Wednesday, March 10, 2010

Tibor Serly conducts Bartok Divertimento

Bartok Records recordings of Bartok's music were often made by musicians with some personal association with the composer. There importance to performance history is inestimable. If by now some of them seem far from conclusive readings, they are normally reasonably well recorded, well pressed for their time, and well, if not always definitively performed. This is a very nice recording led by Tibor Serly, who has the distinction of having been chosen to complete the orchestration of the last measures of Bartok's 3rd Piano Concerto and to decipher the cryptic shorthand in which the composer left his viola concerto, commissioned by William Primrose, to produce a performing edition. A composer of some talent himself, Serly fills the record with his own affecting arrangement for strings of Gesualdo's madrigal Dulcissima Mia Vita, and a string arrangement of Domenico Scarlatti's Cat's Fugue by A.W. Kramer. Baroque purists will have fits, but the Gesualdo, in particular, is delicious.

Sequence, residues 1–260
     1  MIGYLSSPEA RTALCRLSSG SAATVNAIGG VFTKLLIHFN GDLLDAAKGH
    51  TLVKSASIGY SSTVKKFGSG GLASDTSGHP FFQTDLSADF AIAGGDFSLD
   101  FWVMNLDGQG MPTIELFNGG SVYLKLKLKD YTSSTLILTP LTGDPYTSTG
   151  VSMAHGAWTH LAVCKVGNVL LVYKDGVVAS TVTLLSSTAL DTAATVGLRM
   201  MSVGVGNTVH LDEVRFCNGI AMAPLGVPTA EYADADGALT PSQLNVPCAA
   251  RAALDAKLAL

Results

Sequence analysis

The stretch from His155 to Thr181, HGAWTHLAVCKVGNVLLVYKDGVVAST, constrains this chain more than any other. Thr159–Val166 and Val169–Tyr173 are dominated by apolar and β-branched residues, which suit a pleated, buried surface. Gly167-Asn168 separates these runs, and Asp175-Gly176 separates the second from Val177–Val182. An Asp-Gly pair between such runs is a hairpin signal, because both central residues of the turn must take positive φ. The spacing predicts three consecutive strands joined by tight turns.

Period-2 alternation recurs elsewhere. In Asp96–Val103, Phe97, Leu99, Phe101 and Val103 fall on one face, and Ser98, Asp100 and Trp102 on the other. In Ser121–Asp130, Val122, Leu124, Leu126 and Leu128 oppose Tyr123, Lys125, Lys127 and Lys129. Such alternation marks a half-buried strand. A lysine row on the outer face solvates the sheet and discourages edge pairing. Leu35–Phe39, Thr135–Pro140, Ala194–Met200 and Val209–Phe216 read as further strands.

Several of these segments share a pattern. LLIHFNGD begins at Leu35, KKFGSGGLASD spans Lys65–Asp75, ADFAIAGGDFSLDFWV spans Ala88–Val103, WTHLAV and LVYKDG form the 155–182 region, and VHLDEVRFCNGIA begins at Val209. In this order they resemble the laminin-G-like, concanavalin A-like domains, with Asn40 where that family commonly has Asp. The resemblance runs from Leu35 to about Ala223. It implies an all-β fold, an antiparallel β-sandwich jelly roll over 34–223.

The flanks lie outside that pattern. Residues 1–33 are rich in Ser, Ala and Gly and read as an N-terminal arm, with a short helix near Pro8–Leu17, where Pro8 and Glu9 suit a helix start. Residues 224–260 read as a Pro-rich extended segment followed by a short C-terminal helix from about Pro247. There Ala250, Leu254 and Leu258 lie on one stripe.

I had uploaded the renovated files, but Buster at Big 10-Inch Record brought my attention to the fact that this LP is still available from Bartok Records, linked below.

Link to buy LP from Bartok Records


  1. Peter Bartok is still around, and this record is still available - on vinyl!

  2. Thanks Buster. I knew Peter Bartok was still around -- in Florida I think -- and that some of the original records were still for sale. I neglected to check on this one, though, as I should have. I removed the link to downloadable files and provided, instead, a link to the Bartok Records page where the LP can be purchased. Thanks again. I do try not to post files for things that can be readily obtained from the original copyright holder.

  3. I am fascinated that one can actually obtain new vinyl LPs of these fine and interesting recordings! I had no idea - Wow!

  4. Squirrel: I think these are old new stock, records remaining from earlier pressings, available while supplies last. But they don't seem to be depleting rapidly.